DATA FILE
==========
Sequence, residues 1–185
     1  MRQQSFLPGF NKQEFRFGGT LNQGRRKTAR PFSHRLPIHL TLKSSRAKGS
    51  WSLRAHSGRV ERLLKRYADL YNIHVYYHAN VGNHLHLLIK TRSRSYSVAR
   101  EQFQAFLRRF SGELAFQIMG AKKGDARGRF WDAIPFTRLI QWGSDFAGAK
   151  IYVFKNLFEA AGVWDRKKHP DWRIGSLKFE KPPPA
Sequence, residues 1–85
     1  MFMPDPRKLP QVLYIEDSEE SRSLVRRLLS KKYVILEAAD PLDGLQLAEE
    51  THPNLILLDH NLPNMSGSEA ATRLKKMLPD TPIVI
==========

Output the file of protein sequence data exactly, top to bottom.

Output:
Sequence, residues 1–185
     1  MRQQSFLPGF NKQEFRFGGT LNQGRRKTAR PFSHRLPIHL TLKSSRAKGS
    51  WSLRAHSGRV ERLLKRYADL YNIHVYYHAN VGNHLHLLIK TRSRSYSVAR
   101  EQFQAFLRRF SGELAFQIMG AKKGDARGRF WDAIPFTRLI QWGSDFAGAK
   151  IYVFKNLFEA AGVWDRKKHP DWRIGSLKFE KPPPA
Sequence, residues 1–85
     1  MFMPDPRKLP QVLYIEDSEE SRSLVRRLLS KKYVILEAAD PLDGLQLAEE
    51  THPNLILLDH NLPNMSGSEA ATRLKKMLPD TPIVI